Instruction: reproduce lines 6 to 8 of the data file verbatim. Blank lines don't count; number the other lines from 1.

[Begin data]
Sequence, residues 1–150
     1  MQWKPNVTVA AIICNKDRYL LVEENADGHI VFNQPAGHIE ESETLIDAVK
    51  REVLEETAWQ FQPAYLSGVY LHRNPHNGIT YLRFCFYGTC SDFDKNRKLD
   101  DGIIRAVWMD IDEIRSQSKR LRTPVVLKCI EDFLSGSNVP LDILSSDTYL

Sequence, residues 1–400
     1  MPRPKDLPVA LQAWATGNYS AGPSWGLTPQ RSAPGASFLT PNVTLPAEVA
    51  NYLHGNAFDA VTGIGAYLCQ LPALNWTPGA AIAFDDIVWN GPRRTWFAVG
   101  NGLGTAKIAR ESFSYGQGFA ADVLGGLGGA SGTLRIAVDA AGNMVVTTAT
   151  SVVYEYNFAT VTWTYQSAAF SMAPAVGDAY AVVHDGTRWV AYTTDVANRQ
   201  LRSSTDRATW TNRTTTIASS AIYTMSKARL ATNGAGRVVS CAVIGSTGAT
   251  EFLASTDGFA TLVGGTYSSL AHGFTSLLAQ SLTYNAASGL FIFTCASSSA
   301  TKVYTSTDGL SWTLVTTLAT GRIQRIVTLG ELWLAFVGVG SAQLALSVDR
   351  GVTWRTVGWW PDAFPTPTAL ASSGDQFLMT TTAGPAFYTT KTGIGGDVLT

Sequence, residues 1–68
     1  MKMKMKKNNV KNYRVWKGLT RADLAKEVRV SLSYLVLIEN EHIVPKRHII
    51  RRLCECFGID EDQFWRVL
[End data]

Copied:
     1  MPRPKDLPVA LQAWATGNYS AGPSWGLTPQ RSAPGASFLT PNVTLPAEVA
    51  NYLHGNAFDA VTGIGAYLCQ LPALNWTPGA AIAFDDIVWN GPRRTWFAVG
   101  NGLGTAKIAR ESFSYGQGFA ADVLGGLGGA SGTLRIAVDA AGNMVVTTAT